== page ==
When President Biden signed the Ocean Shipping Reform Act (OSRA) into law, the aim was to broaden the regulatory oversight over ocean ship lines and increase competition of the in the industry. But there is doubt the act will be able to succeed.
“During the pandemic, ocean carriers increased their prices by as much as 1,000%,” Biden said at the June 16 signing ceremony. “And, too often, these ocean carriers are refusing to take American exports back to Asia, leaving with empty containers instead. That’s costing farmers and ranchers – and our economy – a lot of money.”
The legislation grants the Federal Maritime Commission (FMC) greater authority to regulate certain ocean carrier practices while promoting the growth of exports from the United States “through a maritime system that is transparent, efficient and fair,” the president claimed.
According to the National Industrial Transportation League, one of the bill’s biggest boosters, said the FMC now “will have better tools at its disposal to address global ocean carriers’ operating practices which have contributed to high inflation and supply chain disruptions experienced by NITL members and their customers.”
One of those members is Lori Fellmer, vice president, logistics and carrier management with BassTech International and chair of the NITL’s Ocean Transportation Committee.
“Our members, like all U.S. businesses for which the ocean transportation network is fundamental, continue to suffer under a system plagued by deteriorating service levels and unreasonable fees and charges,” she asserted.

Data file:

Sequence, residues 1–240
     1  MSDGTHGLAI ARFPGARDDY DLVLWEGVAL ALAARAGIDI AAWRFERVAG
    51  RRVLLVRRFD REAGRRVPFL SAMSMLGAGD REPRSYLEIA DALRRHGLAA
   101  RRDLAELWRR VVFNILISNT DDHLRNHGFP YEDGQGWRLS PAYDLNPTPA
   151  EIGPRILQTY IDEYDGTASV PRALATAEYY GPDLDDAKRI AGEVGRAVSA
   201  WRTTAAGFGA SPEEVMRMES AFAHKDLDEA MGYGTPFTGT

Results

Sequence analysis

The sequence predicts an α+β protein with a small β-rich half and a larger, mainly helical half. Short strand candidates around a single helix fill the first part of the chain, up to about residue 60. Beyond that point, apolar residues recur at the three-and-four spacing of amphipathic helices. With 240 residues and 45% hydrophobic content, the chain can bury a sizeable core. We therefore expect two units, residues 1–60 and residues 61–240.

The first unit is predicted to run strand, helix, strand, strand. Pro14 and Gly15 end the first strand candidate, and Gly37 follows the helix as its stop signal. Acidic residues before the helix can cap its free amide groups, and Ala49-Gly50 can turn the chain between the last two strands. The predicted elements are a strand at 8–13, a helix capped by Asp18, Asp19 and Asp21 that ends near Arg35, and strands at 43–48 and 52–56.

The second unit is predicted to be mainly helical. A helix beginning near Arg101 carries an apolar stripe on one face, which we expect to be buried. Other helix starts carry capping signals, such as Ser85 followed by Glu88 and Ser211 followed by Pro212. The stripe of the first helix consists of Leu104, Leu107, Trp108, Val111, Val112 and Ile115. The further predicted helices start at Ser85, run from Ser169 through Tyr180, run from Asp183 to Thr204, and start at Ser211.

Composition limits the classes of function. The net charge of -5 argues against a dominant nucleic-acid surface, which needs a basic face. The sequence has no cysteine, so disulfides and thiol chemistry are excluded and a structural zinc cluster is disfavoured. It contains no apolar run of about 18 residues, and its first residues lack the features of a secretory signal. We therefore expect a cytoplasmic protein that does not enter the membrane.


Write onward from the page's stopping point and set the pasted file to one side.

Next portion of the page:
Fellmer added that OSRA will further empower the FMC to address these concerns, which she said, “will greatly benefit U.S. exporters and importers.”
American Trucking Associations also hailed the measure, which it hopes will address ocean carrier container demurrage practices truckers have had to contend with for many years. In ATA’s view, these fees have been administered unfairly by the ocean lines, imposing unreasonable costs on truckers and shippers.
“This day has been a long time coming,” ATA President Chris Spear said when the bill was signed. “This bill provides important tools to address unjustified and illegal fees collected from American truckers by the ocean shipping cartel – fees that have contributed to the shipping lines raking in $150 billion in profits just last year.”
Jonathan Eisen, director of the ATA Intermodal Motor Carrier Conference, observed, “This is the first significant change to ocean shipping regulations in more than two decades – a period of time when the industry has been shaped into a cartel of 10 foreign-owned companies who have exercised a tremendous amount of power over American truckers and consumers.”
He added, “Thanks to this bipartisan legislation, those carriers will no longer be able to charge truckers exorbitant and illegal detention and demurrage fees, increasing efficiency and reducing costs across the supply chain.”
What the New Law Does
Among its many provisions, the new shipping act:
- Prohibits ocean carriers from unreasonably refusing cargo space accommodations for U.S. exports as well as from discriminating against U.S. exporters.
- Promotes transparency by requiring ocean common carriers to report to the FMC each calendar quarter on total import/export tonnage and twenty-foot equivalent (TEU) units (loaded/empty) for every vessel that makes port in the U.S.